Her photograph was missing from hoardings and cutouts at Central Park but the hundreds who gathered to see PV Sindhu’s match had no trouble recognising her as she walked into the court in Rio to play the Gold Medal Badminton match.
The live telecast of the match in an amphitheatre inside the park on Friday evening had spectators cheering and gasping when Sindhu won or lost points. They danced in front of the screen when she won the first set and discussed the strategy when she lost the second and the third.
No one booed when she lost the final set. She was given a standing ovation, instead.
There were posters and cutouts of more popular sportspersons as one walked in. Leander Paes, Saina Nehwal, Jwala Gutta and Sania Mirza stared back as people flowed in to cheer Sindhu on.
“At least she won a silver. She played the world number one and gave her a tough fight. That deserves respect,” said Raghav Chandra, 20, a Delhi University student.
Most in the audience had not heard of Sindhu before she won the quarterfinals. Her win in the semifinals made her a household name.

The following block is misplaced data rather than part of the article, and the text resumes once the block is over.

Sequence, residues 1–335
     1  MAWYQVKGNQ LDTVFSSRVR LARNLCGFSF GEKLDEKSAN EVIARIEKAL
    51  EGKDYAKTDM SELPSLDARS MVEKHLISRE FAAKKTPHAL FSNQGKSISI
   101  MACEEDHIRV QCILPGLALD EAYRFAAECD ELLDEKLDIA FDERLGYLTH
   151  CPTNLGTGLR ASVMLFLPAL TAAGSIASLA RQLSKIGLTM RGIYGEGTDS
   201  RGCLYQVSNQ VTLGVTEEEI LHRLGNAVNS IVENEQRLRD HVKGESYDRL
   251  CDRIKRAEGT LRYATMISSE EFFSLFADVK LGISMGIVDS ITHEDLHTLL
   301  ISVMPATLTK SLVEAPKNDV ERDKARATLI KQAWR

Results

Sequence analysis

“We had thought we’d be cheering Saina Nehwal on as she was the most talked about but this is as good, if not better. No one knew her before she won the silver medal. She is the biggest start of the country, for now at least. In a cricket-crazed country that is a huge achievement,” said Prakriti Shah, 37, who saw the match with her friends and family.
The atmosphere at the Central Park was reminiscent of the cricket world cup finals. People came with flags. The cheers were the same, as was the enthusiasm.
Cheers of Vande Mataram and Bharat Mata ki jai rang out periodically.
Many who came to watch the match knew very little about the game. That didn’t stop them from cheering on, sometimes even when Sindhu lost a point.
“Is a set for 21 points?” asked an elderly man.
“Are the side galleries off limits?” asked a young girl.
“What about the back gallery?” others asked.
They quickly got the answers.
“It is a miracle that she got a silver medal. Other countries spend crores on training their players. We barely spend a few lakhs,” said Manisha Agarwal, 27, an IT professional.